Thanks to its situation on the coast – between the mouth of the River Guadalquivir and the entrance to the Bahía de Cádiz- it has seen many cultures and civilizations pass through its lands. It has been a port since Phoenician times, and numerous Roman remains have been discovered in the surrounding area
Declared a Historic Ensemble, its ancient archways and narrow streets of white houses make up the urban design of this beautiful village of pretty squares and picturesque corners where you can savour the cuisine of Rota, intimately linked to both the country and the sea, with typical dishes such as Urta a la roteña, washed down with the local wine Tintilla, an ancient, sweet, dark-coloured wine.
The most emblematic building in the town is, undoubtedly, the Castillo de Luna (Property of Cultural Interest), built in the 13th century at the orders of Guzmán el Bueno on the site of an old 11th century Arab fortified camp. It is rectangular with five battlemented towers, the most important of which are the Alianza Tower and the Keep. It houses an original patio dating from the 15th century with a wonderful arched gallery and painted bases. There are also remains of the walls which defended the town between the 12th and 15th centuries, including the Regla or Chipiona Gate, Sanlúcar Gate and Puerta del Maro o del Muelle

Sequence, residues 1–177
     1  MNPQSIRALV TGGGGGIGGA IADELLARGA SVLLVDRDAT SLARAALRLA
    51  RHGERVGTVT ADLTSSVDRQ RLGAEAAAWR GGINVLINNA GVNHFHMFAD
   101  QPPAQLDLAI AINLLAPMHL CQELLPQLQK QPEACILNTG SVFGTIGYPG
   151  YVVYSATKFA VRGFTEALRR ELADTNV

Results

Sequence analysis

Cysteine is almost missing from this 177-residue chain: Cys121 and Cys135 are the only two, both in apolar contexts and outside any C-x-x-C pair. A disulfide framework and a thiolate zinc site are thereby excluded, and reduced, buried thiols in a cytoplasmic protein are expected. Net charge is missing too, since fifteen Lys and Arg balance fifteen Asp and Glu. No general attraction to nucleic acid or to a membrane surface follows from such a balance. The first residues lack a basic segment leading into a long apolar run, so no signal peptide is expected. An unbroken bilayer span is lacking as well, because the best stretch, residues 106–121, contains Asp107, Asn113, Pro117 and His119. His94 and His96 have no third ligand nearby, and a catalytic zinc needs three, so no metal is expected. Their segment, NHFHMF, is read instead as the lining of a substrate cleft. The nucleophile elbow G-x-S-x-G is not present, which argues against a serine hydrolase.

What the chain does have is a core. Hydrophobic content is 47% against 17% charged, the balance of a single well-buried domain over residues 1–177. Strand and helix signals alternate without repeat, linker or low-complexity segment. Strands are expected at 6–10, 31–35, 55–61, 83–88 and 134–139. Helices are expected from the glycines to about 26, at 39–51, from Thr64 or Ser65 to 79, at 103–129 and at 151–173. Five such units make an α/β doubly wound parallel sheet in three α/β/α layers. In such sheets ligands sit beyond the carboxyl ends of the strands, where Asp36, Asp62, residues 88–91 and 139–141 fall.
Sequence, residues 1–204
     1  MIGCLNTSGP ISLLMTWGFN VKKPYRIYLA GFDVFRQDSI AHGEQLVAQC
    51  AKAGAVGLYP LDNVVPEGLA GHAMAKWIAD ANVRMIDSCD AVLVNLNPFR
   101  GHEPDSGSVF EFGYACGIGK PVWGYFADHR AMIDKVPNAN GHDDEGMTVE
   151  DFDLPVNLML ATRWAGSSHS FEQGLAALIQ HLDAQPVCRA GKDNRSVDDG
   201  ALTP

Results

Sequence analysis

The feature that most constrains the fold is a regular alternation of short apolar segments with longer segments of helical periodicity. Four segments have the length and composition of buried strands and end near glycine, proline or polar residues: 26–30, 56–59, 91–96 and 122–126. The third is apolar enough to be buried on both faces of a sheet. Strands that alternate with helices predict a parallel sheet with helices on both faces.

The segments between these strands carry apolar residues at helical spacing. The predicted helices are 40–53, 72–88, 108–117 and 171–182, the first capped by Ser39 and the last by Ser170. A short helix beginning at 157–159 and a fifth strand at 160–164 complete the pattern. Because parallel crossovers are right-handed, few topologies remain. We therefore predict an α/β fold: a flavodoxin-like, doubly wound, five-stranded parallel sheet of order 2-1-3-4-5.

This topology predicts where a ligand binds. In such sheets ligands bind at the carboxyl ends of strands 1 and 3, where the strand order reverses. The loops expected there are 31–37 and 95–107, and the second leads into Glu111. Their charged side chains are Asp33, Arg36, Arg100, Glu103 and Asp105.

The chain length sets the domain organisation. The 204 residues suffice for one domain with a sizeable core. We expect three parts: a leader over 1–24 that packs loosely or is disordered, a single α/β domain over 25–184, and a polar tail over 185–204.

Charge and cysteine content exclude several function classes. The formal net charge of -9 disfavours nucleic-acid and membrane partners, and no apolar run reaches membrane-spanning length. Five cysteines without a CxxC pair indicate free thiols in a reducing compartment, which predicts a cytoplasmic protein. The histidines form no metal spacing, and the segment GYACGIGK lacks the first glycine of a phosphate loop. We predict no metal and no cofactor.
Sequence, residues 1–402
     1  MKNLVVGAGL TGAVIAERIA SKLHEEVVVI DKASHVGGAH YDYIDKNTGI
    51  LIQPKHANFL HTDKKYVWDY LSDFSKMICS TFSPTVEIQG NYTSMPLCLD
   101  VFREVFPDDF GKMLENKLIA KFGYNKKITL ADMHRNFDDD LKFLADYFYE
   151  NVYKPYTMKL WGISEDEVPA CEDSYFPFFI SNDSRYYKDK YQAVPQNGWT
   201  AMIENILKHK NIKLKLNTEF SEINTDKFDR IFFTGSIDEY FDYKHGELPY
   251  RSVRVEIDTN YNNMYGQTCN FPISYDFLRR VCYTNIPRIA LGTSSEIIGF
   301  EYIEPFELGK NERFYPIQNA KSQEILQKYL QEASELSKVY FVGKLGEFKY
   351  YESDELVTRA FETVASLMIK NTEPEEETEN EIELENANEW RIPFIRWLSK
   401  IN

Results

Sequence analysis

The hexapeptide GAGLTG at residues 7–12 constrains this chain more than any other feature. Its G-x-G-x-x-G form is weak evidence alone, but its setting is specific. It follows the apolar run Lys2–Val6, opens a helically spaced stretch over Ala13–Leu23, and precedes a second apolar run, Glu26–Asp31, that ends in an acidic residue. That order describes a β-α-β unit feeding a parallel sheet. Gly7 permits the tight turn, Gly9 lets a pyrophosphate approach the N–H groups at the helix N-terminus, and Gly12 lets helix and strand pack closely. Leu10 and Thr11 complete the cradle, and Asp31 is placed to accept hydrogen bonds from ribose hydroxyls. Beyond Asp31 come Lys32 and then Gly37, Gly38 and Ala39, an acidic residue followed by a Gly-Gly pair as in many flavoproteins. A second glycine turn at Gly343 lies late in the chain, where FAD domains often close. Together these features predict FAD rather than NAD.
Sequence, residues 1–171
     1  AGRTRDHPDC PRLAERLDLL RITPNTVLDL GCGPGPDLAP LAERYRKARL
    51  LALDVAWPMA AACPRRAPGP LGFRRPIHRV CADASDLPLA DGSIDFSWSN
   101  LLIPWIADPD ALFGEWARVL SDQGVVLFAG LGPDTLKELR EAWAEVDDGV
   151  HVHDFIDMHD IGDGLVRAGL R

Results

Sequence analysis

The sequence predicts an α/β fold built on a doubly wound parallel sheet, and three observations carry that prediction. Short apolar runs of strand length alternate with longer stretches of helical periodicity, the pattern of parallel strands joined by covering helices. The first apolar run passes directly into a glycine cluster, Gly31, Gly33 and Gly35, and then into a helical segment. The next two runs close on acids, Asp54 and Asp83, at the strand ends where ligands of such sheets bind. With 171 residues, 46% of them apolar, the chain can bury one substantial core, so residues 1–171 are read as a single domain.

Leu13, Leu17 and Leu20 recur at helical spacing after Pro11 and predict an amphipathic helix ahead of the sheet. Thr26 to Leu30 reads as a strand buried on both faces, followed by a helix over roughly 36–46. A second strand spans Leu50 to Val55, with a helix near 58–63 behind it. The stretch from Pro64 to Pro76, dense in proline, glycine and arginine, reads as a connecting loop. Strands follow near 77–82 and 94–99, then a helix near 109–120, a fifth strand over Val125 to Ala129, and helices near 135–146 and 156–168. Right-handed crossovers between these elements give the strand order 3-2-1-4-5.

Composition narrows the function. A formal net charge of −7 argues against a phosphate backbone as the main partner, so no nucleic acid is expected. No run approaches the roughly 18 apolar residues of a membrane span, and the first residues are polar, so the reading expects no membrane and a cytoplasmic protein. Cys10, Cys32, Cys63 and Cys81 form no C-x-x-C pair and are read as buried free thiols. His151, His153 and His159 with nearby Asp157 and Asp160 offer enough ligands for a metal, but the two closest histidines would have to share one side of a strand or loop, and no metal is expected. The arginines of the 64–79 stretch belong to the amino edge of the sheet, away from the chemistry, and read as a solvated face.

Other buildings of interest are Nuestra Señora de la O Church (16th century), La Caridad Chapel (next to the Plaza del Reloj), Torre de la Merced, San Roque Church and the Casa de la Cilla, where tithes were collected.
This is a town with great atmosphere and life, with a wide range of leisure options which multiply during the summer season, which is when the popular Feria de la Urta (Festival of National Tourist Interest) and the Flamenco Festival ‘Arranque Roteño’ are held. Its 16 km of magnificent, clean beaches, such as the La Costilla, El Rompidillo or Punta Candor, are absolutely ideal both for enjoying a day of sun and sea and for water-sports. The extensive pine forests and dunes which in some cases reach the beach itself are the option chosen by tourists for a quiet day in the county or for walks, horse-rides or bicycle rides
These are structures enclosing sea water and which, at low tide, trap crustaceans and molluscs then caught by fishermen. They constitute an original historical, cultural and landscape ensemble which is the inheritance of an ancient rural, fishing culture, presumably Roman or Arab (in this way the fish were kept alive until they were consumed). They can be visited at either Chipiona or Rota. The Rota corrals, situated on La Almadraba beach, have been declared a Natural Monument.
This exclusive tourist complex sits on a coastal strip of 400 hectares situated in the municipalities of Rota and Chipiona. With almost 4km of virgin beaches, this authentic summer resort boasts a wide range of sports facilities, in particular its 18-hole golf course designed by Spanish golfer José María Olazábal.